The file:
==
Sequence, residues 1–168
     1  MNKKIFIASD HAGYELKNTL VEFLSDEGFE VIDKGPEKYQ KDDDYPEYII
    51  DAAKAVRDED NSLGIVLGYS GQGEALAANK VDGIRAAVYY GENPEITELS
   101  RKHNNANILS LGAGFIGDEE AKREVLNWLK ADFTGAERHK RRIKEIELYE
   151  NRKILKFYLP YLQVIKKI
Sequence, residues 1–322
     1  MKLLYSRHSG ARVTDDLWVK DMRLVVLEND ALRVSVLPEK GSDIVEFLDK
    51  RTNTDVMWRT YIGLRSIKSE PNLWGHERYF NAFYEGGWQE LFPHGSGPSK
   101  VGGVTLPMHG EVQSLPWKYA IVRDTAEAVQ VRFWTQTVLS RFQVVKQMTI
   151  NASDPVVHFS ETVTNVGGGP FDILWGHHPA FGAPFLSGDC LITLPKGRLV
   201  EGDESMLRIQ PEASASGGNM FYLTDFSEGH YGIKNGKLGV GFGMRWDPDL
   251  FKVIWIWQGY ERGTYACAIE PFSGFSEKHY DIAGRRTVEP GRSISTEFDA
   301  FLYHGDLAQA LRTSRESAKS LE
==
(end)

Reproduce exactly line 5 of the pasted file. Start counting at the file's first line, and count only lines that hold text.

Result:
   151  NRKILKFYLP YLQVIKKI